Last night was one of my favorite nights I've had in Jeomchon since I moved here almost four months ago. I invited everyone over to my place for Christmas movies and hot chocolate, and we had quite the gathering. I probably had around 11 or 12 people over at one point, and I couldn't have loved it any more. Finally, it truly felt like the Christmas season. I know I say it all the time, but I am thankful for everyone I have in this community.
The more I get to know everyone, the more comfortable I get in Korea. Last night was so warm and cozy that I felt like I would be happy if everything could just always stay the same--of course, I know that things WILL change, and people will come and go. None of us will be here in forever, and in fact, a number of people will be leaving in just a few short months. Change is the nature of living abroad, and I've been told repeatedly that it's one of the most challenging parts of being an expat--people are always coming and going. Your life has no stability because you know you're in a temporary job surrounded by people who will eventually no longer be a part of your everyday life.
I was reminded of how temporary my life here is after finding out that EPIK will be getting rid of all of the high school native teacher jobs this upcoming year. I obviously have my job until August, but after that I won't be able to renew my contract with my school. Positions are being cut due to budget issues, and although I think it's a terrible loss for the students, there's nothing I can do about it. So when it comes to next year, I will either have to move to an elementary school, find a university job, choose a new country to teach in, or go home. It's disappointing because I really like my school, and I hate to think of having to start all over again.
I know there are people who of course will want me to come home after I finish this year, but I feel like the longer I am here in Korea, I am realizing how much there is to do and learn here. Being here has been a gigantic learning experience, not only culturally, but also personally. Being abroad has opened a lot of opportunities for me in terms of thinking about my past, my future, my faith, my passions, and so much more. There's something about being removed from everything at home that has always defined you that allows you to see and think about things differently, and for me, this has been a really beneficial experience. I have no idea where I will be mentally or emotionally when it comes time to think about what comes after this year, but I have eight months left here, and I have a feeling it will take me more than that before I am ready to move back home to the US.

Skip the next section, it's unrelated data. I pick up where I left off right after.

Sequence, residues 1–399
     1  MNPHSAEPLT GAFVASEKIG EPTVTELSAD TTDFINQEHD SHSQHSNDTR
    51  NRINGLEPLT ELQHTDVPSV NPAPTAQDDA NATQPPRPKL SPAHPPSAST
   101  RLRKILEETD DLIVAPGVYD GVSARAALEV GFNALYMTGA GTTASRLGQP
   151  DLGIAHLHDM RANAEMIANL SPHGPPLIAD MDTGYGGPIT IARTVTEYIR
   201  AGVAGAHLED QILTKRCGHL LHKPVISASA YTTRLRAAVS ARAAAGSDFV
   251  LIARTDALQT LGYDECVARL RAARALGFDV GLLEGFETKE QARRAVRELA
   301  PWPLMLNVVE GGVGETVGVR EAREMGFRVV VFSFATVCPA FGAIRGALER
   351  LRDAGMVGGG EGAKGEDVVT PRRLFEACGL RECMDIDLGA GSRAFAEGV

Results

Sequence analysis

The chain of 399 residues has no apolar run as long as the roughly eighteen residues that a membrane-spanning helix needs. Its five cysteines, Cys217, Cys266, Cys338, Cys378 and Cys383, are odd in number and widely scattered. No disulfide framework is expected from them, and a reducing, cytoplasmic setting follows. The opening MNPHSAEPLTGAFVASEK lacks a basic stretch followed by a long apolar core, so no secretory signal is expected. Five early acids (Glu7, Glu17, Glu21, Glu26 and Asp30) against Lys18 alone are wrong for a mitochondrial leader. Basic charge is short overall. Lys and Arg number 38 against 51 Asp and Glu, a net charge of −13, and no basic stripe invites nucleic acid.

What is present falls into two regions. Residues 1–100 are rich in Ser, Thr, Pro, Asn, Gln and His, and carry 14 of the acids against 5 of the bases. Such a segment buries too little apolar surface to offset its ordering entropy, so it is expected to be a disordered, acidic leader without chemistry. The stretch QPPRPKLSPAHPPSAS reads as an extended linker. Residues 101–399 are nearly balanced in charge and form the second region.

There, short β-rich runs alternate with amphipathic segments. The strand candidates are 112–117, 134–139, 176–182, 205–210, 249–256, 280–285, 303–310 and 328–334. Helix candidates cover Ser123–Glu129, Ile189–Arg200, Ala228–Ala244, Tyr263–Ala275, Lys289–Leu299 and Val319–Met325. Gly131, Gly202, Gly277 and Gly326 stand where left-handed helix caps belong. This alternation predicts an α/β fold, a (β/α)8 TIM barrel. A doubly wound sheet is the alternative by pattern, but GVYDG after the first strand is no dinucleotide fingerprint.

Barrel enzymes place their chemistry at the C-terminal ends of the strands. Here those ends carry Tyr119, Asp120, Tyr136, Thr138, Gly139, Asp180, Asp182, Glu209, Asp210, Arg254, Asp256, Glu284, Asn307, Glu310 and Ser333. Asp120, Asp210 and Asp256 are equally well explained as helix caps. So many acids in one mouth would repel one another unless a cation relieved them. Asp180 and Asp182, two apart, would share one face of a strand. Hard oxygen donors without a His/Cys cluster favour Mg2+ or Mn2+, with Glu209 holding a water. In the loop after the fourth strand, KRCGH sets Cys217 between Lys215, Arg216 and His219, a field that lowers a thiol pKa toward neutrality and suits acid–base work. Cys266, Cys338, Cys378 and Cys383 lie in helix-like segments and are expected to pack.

I'm glad to have a heads up on the fact that my job won't be around past this year because there are many teachers who just resigned their contracts, thinking that they were returning to their schools, only now finding out that they have to move to elementary schools. At least I have a warning so I can think about he future and enjoy my time in Jeomchon wholeheartedly, knowing that I probably won't be here next year.
Of course, I have no idea what the future holds. Every day is a gift, tomorrow is never guaranteed, and ultimately everything is in God's hands. For now, I will continue to treasure those people who enrich my life, and make the best of the time I have here. The holidays are meant to be shared with family, but in the absence of mine this year, I will especially value all the relationships I have with the people of Jeomchon.
As the warmth of the holiday season moves into Jeomchon, I hope all of you can feel my love from the other side of the world :)